People ask me: “How do you know you are a psychopath?”
I was officially given the psychopathy diagnosis when I went to prison for murder the first time at the age of 18. But I didn’t take the diagnosis serious, I didn’t believe in it, because like most people at the time I didn’t know what it means to be a psychopath.
Today, most of the psychopaths who can read and who have access to general information via the media know what they are.
But it wasn’t always like this.
I have wondered by myself many, many times: What am I?
I knew I was different from other people, but I thought I was different in a good way, and in my heart I still think so. I’ve always thought of myself as a good person, and all I knew about psychopaths was what ‘everybody’ think they know about psychopaths.
So what is it that we all think we know about psychopaths? What do we think psychopathy is?
We think psychopaths are bad, they’re mad, crazy, they’re psychotic and maybe even schizophrenic, they’re evil simpletons and brutes who can’t behave or talk civilized, and they spend their lives surfing porn on the Internet, or – when in prison – covering their bodies with crude home made tatoos, and of course they drink excessively, they commit murder for 50 bucks, and are petty criminals or serial killers.
Those are things we all think we know about psychopaths. What I don’t know is that whereas there are indeed psychopaths like that, the majority are very different. Most psychopaths are not the psychotic gangster stereotypes most people are accustomed to believe that we are.
But the common idea about what a psychopath is do also influence what psychopaths themselves believe a psychopath to be, and this is one of the main reasons that many psychopaths aren’t aware that they are psychopaths – or at least they weren’t until recently.
Few people think of themselves as common brutes and petty thieves, and that is no different for psychopaths. Furthermore, most psychopaths probably really do not fit this stereotype. I certainly never did.
Another common misconception is: ‘Psychopaths are Evil’. Sure, psychopaths do things that many will think of as evil, but in the sentiment ‘psychopaths are evil’ lies a subtle implication that they’re decisively evil, that evil is what they have chosen to be.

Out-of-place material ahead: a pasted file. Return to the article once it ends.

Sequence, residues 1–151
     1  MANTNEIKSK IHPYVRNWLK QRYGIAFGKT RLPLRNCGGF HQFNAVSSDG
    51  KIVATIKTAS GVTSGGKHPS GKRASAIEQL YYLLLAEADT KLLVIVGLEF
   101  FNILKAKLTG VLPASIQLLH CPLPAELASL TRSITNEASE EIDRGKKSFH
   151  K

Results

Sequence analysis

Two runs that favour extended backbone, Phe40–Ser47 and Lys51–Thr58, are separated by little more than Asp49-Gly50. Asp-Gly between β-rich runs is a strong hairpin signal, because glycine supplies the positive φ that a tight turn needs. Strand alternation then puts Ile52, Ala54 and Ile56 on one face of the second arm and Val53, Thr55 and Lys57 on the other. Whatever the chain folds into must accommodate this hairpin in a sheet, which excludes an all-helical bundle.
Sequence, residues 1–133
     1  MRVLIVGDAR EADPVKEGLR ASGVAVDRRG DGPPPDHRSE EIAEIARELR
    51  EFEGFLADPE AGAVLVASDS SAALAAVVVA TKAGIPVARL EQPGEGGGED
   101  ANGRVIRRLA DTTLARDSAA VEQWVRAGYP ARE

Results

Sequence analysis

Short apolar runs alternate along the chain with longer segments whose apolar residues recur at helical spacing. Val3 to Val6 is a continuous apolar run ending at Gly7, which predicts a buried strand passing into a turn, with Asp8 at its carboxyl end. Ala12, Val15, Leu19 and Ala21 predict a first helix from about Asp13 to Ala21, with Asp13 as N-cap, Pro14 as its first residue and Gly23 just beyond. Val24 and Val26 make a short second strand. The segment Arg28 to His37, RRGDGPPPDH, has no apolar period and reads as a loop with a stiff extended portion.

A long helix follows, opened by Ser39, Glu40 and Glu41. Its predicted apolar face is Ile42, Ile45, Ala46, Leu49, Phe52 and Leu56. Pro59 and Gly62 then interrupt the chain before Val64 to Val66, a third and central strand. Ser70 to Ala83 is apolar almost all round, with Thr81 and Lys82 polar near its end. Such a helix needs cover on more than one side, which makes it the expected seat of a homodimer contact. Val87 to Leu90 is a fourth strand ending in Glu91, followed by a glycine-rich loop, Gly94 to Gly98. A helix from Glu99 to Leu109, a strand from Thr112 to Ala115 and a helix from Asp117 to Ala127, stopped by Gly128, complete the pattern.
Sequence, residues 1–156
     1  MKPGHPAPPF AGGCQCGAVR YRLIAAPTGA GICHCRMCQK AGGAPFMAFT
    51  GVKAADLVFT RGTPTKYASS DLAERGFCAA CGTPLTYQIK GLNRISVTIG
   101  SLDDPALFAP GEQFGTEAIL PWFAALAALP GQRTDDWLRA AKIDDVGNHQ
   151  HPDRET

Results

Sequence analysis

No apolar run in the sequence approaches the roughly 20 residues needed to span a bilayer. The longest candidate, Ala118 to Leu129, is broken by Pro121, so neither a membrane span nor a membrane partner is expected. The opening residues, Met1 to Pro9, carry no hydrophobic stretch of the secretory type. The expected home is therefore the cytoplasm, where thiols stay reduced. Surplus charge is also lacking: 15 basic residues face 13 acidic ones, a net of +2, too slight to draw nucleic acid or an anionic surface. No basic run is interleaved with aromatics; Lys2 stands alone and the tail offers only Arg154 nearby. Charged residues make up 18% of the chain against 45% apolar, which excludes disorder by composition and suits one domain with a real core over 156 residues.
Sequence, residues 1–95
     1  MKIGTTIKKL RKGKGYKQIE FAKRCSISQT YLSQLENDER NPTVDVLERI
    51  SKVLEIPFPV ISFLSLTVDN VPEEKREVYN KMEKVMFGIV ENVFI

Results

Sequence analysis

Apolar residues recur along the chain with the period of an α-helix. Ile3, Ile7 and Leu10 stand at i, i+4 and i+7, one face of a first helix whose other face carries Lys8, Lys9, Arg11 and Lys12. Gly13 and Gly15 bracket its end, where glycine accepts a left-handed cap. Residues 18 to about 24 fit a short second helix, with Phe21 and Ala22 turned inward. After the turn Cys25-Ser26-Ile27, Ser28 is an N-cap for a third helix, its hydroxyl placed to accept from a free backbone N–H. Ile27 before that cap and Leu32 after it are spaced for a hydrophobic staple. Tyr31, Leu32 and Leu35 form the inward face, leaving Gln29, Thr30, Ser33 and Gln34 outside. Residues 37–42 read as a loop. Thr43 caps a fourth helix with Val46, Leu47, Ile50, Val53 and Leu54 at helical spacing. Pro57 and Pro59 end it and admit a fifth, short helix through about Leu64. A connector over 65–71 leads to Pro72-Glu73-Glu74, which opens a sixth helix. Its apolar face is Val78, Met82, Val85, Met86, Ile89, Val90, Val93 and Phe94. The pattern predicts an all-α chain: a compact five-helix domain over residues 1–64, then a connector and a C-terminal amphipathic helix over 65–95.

Psychopaths rarely think of themselves as evil. And if they do, what being evil is to us often doesn’t mean the same as it does to most people. This is part of the paradox that surrounds psychopathic individuals, we don’t have the same emotional attachment to ideas and concepts that do neurotypical (normal) people and because of this we often form models of reasoning that are different from the norm. It doesn’t mean we’re insane, but it means our values are detached from average systems of mores.
Virtually all psychopaths know early on in life that they’re different from other people. We know we’re different, but we don’t know exactly how or what it means.
One of the first things we notice about ourselves is that we tend to not react emotionally the same way that others do. We tend to be less afraid than others. Other kids, and even adults, become afraid of things that to us are intriguing or fascinating, and we very quickly realize that remaining calm when others are afraid very often is an advantage.
We also very soon get the impression that all the feelings, such as love and empathy, guilt and remorse, seem to be mere constructs that the adults try to force us to feel, but which to us really do not exist. We see adults and kids display these emotions on a daily basis, and we’re expected to display them also, abut all we can do is pretend and pretending we find is easy to do, everybody believes us while as we’re simply merely faking it. Nobody seems to acknowledge that empathy isn’t real, so we assume everybody are doing what we are doing: Faking their emotions.
Of course most psychopaths do realize at some point that all the emotions that aren’t real to us are indeed very real to others, but this doesn’t change the fact that we cannot feel them. It also doesn’t change the fact that we are expected to feel them, or that if we don’t we’ll see ourselves punished in one way or another, so we quickly learn that faking is better than being honest. Perhaps this is where all the psychopath’s manipulation takes it’s beginning? I don’t know, but it’s at least worth considering.